Defense's forecast of 2000 repairs spending is increasing, report says

The Defense Department continues to push upward its cost estimate for preparing systems
for 2000.

In its most recent report to the Office of Management and Budget, DOD added about $600
million to its estimate, bringing the total to more than $2.5 billion. In the fall, DOD
had estimated it would spend about $1.9 billion on date code fixes.

The Air Force is responsible for the biggest chunk of the increase. The service
reported that its 2000 cost estimate would balloon from about $600 million to $1.1
billion. The Navy’s estimate rose $26 million to $470 million.

“Cost estimates have increased as problems come to light during the validation and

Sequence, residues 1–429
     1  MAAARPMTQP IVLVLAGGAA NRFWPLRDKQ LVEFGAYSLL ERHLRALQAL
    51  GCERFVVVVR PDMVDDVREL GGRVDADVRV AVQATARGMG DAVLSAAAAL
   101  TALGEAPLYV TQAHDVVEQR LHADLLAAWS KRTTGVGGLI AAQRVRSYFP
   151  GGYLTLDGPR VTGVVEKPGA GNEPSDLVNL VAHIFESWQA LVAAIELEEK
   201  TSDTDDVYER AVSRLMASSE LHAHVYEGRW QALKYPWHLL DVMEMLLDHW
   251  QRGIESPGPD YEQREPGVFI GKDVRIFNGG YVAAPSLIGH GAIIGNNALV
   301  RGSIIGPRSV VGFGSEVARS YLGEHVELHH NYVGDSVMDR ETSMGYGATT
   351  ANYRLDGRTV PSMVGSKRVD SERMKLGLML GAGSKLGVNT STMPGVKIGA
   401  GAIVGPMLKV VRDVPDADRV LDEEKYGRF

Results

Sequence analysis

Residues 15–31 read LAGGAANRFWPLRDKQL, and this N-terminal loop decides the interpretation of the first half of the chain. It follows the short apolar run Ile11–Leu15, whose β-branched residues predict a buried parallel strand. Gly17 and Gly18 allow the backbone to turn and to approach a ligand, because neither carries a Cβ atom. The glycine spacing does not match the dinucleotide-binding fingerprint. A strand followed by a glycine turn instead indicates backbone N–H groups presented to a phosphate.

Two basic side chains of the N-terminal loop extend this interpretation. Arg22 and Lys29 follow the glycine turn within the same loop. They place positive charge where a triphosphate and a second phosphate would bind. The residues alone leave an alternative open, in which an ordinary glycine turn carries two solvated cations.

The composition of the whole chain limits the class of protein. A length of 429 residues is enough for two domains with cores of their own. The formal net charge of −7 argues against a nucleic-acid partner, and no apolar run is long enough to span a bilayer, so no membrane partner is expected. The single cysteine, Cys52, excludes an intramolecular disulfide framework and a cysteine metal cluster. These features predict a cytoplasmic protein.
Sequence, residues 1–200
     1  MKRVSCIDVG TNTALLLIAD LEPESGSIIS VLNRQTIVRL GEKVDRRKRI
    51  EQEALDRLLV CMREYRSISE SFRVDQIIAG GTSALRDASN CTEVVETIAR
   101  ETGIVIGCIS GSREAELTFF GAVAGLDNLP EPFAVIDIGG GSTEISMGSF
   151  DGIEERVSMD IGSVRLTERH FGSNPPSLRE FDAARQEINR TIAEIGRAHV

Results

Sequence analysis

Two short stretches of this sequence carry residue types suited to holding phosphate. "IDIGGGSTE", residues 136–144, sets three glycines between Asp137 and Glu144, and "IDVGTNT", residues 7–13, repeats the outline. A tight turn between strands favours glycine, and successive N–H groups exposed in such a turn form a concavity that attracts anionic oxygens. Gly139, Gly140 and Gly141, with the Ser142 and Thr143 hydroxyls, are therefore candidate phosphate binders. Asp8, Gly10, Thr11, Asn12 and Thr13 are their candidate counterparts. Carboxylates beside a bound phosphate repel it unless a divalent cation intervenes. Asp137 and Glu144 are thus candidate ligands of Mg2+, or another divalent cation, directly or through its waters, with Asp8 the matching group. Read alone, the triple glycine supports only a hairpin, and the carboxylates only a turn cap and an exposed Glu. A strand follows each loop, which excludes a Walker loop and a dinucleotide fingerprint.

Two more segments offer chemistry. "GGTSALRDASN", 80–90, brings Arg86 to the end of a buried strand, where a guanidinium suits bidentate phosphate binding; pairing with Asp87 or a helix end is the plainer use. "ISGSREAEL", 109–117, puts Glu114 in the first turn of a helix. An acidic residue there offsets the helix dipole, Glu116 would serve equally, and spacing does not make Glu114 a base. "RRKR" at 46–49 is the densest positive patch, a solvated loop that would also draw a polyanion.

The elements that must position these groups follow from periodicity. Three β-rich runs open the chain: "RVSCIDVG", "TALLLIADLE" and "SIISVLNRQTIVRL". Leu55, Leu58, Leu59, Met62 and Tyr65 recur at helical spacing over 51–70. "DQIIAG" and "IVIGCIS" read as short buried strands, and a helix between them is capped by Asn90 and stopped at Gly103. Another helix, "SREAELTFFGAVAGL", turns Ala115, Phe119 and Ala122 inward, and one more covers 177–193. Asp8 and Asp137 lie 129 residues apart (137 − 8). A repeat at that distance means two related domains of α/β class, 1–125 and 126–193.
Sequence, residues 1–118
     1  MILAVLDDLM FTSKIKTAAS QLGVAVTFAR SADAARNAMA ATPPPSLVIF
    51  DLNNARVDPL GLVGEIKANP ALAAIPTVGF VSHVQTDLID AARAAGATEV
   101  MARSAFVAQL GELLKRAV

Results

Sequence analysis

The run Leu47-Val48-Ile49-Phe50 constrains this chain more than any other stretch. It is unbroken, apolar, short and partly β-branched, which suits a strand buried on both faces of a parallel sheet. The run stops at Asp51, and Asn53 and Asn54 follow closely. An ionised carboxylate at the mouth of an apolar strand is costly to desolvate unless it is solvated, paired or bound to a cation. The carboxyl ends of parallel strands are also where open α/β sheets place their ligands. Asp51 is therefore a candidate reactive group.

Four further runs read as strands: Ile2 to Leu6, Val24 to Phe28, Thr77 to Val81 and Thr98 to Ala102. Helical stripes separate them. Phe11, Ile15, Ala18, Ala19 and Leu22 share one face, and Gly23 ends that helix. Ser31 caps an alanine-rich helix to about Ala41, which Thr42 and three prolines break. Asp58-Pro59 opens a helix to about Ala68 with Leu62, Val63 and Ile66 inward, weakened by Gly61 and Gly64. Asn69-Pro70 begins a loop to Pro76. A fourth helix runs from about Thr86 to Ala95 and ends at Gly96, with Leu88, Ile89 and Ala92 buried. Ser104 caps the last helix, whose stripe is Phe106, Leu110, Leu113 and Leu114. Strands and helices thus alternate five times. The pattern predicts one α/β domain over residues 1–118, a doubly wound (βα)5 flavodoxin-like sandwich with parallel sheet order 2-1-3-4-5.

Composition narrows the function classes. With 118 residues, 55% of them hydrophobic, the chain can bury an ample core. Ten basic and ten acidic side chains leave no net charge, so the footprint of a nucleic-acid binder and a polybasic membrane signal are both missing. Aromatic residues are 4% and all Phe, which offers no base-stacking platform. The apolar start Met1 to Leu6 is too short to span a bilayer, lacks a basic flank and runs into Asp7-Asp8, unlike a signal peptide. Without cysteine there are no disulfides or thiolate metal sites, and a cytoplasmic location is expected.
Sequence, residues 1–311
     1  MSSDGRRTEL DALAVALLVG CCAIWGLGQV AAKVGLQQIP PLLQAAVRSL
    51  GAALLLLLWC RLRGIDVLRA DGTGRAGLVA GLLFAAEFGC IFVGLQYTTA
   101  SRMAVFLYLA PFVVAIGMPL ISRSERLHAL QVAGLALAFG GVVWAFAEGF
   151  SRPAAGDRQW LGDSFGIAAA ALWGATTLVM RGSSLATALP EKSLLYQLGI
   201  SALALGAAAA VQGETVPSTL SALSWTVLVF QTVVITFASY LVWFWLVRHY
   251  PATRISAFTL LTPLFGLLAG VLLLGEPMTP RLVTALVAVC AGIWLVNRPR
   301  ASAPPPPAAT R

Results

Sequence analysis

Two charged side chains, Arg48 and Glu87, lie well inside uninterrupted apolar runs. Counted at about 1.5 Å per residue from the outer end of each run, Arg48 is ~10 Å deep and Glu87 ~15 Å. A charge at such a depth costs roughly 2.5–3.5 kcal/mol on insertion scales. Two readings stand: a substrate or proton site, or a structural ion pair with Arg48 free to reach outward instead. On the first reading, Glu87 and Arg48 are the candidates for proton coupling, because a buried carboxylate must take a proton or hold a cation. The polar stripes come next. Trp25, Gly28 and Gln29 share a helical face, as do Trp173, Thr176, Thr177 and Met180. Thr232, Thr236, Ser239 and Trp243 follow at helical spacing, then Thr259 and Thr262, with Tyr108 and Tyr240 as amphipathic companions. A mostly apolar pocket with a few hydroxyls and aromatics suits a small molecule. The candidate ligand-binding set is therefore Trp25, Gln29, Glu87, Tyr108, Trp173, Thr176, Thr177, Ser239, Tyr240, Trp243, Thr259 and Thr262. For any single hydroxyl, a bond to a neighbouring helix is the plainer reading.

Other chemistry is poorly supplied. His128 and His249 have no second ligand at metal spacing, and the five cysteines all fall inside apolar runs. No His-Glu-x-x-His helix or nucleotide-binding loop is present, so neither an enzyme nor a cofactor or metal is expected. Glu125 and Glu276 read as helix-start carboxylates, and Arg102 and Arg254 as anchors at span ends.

verification phase,” DOD noted in the report. “Some increased expenses have
occurred when organizations realize that replacement systems will not be implemented in
time, necessitating the remediation of legacy systems.”

But DOD also said that its total number of mission-critical systems declined, from
3,135 in August to 2,642 systems. The number of ready mission-critical systems increased
from 682 to 774; systems still needing repairs decreased from 2,075 to 1,592.

“The fluctuation in the total number of mission-critical systems is due to two
efforts: the examination of functions that are mission-critical and then the critical
examination of the systems that support these functions to determine those that are
critical to the operational capabilities of that function,” DOD’s report said.

A reduction in the number of mission-critical systems, however, did not translate into
lower costs.

The number of Army mission-critical systems decreased from 528 to 442 while the
service’s total cost estimate increased from $316 million to $386 million since the
last quarterly report.


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